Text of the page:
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First-Generation Students: Coronavirus Edition

This article is written by a student writer from the Her Campus at Cal Lutheran chapter.

Throughout this pandemic, we have all had to adjust to a different life. There are many people who are still working: field workers, grocery store workers, fast-food workers, doctors, nurses, etc. There are many people who are working from home: teachers, counselors, administrators, and many more. But there are so many students around the world who have had to adjust to classes online: from elementary school kids, to middle schoolers, to high schoolers, and to college students. And it’s unfair, for everyone. There are many people who may assume that because our courses are now online, everything has become easier. But in reality, it’s become harder, especially for first-generation college students.

First and foremost, as a first-generation college student myself, I would like to say that moving classes online has become harder for me. Moving from my dorm at school to back home was a hard adjustment. There are so many little details that make a huge difference now that I didn’t think about before when comparing living on campus to living at home. While I love being home and spending time with my family, I also miss school and having my dorm. And one of the things that I probably miss the most about my dorm is having something as simple as a desk. When I was at school, I had a desk in my room in which I would do my homework, prepare for classes, etc. Now, because I am back home, I do not have that privilege. I do my Zoom classes and course work while either sitting on my bed or sitting on the couch. It’s little things like this that make me miss my dorm.

Most of my friends are first-generation college students as well, so I know that when I text them or talk to them, we can relate to each other about the current situation. I have had many of them talk to me about the transition from being in the classroom to online and their concerns about it. I have some friends who don’t have access to WiFi, some have younger siblings so they have to help them with their school work, others share their rooms with siblings, others have to help their parents around their homes, many of them are now considered essential workers and work various hours, and so much more.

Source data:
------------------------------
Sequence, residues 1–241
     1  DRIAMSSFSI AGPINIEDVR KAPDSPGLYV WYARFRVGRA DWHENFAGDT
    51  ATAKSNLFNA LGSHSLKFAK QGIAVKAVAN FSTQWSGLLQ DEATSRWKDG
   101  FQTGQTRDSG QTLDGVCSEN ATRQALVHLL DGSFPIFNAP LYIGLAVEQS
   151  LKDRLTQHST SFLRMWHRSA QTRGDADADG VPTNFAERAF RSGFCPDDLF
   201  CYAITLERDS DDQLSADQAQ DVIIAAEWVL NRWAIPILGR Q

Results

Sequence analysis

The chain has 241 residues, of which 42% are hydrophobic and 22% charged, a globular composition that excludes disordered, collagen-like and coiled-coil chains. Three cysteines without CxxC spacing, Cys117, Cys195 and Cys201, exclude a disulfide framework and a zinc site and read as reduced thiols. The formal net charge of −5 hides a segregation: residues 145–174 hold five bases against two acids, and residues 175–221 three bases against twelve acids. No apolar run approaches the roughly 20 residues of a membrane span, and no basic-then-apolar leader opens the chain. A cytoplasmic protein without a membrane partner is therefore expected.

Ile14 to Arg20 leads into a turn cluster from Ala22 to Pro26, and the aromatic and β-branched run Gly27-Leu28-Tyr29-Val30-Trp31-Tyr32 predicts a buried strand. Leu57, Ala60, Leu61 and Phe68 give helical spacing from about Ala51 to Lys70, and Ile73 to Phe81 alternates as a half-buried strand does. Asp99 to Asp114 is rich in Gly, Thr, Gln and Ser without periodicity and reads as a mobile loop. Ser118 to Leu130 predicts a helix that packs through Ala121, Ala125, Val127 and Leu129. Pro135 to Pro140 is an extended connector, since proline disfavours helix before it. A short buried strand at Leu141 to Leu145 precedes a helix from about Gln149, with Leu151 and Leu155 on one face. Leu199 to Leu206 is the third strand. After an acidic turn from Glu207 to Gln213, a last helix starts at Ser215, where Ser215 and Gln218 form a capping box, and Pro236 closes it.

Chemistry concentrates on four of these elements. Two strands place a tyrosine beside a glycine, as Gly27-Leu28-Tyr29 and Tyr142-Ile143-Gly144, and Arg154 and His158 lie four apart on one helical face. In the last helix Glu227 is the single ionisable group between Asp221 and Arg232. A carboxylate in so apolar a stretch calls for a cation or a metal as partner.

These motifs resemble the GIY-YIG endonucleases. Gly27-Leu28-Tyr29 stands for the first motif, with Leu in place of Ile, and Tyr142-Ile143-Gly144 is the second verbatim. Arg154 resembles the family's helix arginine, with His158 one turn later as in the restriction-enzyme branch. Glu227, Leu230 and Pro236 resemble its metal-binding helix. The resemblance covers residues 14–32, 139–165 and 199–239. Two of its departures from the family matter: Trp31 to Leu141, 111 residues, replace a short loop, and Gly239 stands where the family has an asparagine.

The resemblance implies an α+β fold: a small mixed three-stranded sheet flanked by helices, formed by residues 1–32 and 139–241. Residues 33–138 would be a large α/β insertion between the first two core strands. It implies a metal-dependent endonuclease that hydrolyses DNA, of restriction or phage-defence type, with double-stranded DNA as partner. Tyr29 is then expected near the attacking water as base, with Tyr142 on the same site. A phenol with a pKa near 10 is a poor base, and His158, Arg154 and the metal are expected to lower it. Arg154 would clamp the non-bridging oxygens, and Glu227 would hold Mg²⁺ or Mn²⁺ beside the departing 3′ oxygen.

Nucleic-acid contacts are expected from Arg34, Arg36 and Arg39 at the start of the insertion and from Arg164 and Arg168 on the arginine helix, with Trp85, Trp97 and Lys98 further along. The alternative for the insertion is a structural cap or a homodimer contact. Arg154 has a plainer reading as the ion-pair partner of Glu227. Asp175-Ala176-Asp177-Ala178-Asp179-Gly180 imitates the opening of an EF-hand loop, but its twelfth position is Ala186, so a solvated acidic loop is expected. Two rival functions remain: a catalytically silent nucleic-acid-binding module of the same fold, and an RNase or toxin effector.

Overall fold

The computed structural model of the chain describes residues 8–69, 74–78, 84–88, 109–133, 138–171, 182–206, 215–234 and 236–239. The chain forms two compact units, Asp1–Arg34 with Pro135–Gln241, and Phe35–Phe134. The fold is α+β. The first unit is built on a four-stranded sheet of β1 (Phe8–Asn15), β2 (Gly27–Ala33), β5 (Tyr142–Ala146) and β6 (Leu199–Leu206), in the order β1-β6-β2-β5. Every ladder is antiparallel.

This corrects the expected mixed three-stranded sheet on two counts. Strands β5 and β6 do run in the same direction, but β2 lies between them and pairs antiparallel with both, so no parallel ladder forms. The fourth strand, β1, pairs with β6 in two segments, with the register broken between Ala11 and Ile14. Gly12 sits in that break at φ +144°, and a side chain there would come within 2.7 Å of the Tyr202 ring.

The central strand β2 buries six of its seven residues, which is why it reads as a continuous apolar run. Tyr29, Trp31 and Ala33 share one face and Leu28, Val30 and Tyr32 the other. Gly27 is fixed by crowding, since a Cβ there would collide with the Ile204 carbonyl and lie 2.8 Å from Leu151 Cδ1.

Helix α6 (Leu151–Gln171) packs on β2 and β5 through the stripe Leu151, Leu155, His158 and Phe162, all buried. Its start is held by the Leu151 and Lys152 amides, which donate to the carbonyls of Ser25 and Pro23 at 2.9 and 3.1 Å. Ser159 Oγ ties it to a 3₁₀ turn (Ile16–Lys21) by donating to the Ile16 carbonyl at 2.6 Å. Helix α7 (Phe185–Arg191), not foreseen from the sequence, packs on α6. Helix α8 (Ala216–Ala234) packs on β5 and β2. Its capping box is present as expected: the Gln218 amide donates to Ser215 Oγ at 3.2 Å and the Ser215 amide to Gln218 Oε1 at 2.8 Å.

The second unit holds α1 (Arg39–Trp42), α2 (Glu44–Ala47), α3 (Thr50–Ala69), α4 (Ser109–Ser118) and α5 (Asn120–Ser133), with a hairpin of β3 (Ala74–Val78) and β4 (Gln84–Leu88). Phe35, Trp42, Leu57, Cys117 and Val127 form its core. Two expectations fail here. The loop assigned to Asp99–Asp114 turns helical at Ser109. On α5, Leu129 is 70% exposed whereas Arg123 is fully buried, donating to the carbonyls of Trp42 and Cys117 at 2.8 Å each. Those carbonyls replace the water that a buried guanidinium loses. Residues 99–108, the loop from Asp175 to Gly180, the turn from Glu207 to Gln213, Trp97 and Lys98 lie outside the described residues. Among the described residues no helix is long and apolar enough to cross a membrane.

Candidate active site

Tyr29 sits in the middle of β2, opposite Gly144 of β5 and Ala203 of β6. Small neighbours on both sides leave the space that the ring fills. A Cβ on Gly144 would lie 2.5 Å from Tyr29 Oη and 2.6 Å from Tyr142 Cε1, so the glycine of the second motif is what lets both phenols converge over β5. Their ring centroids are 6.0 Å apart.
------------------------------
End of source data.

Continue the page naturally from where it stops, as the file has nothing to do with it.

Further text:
Something else that I think has become increasingly difficult for first-generation college students, especially for those graduating has been the talks about commencement/graduation. I know that personally for me, I was heartbroken when I found out that my commencement was going to be postponed. There are so many saddened faces when this topic is brought up, whether that be college students, high school students, or even middle school students. Being first-generation means that neither of your parents received a four-year college degree. So many students were going to be the first in their families to walk that line: whether that be from middle school, high school or college. And I think that’s something that educators/administrators do not realize in all the levels: These memories matter. A lot of people say “Oh, well you’re getting the degree/certificate anyways.” But that’s because they already had their time in walking that line, many graduates will never get that chance. Wearing that cap and gown and walking on that stage means more to us than anyone will ever know.

So, to all the first-generation students: middle schoolers, high schoolers, and college, I hope you know how resilient you are!

woman in black dress stands outside in front of a fence holding her graduation cap
TinTin12 | Pixabay

Leslie Madrigal

Cal Lutheran '20

Hello, my name is Leslie Madrigal. I am a senior at Cal Lutheran double-majoring in Criminal Justice and Spanish with a minor in Ethnic Studies! Besides being a part of Her Campus, I am also the Co-President for the Latin American Student Organization, Vice President of My Generation My Fight, and Secretary for the Criminal Justice Student Association. I work on campus at the Office of the President as well as having an off campus job in retail. And I volunteer for the Safe Passage Program through the Criminal Justice Department.
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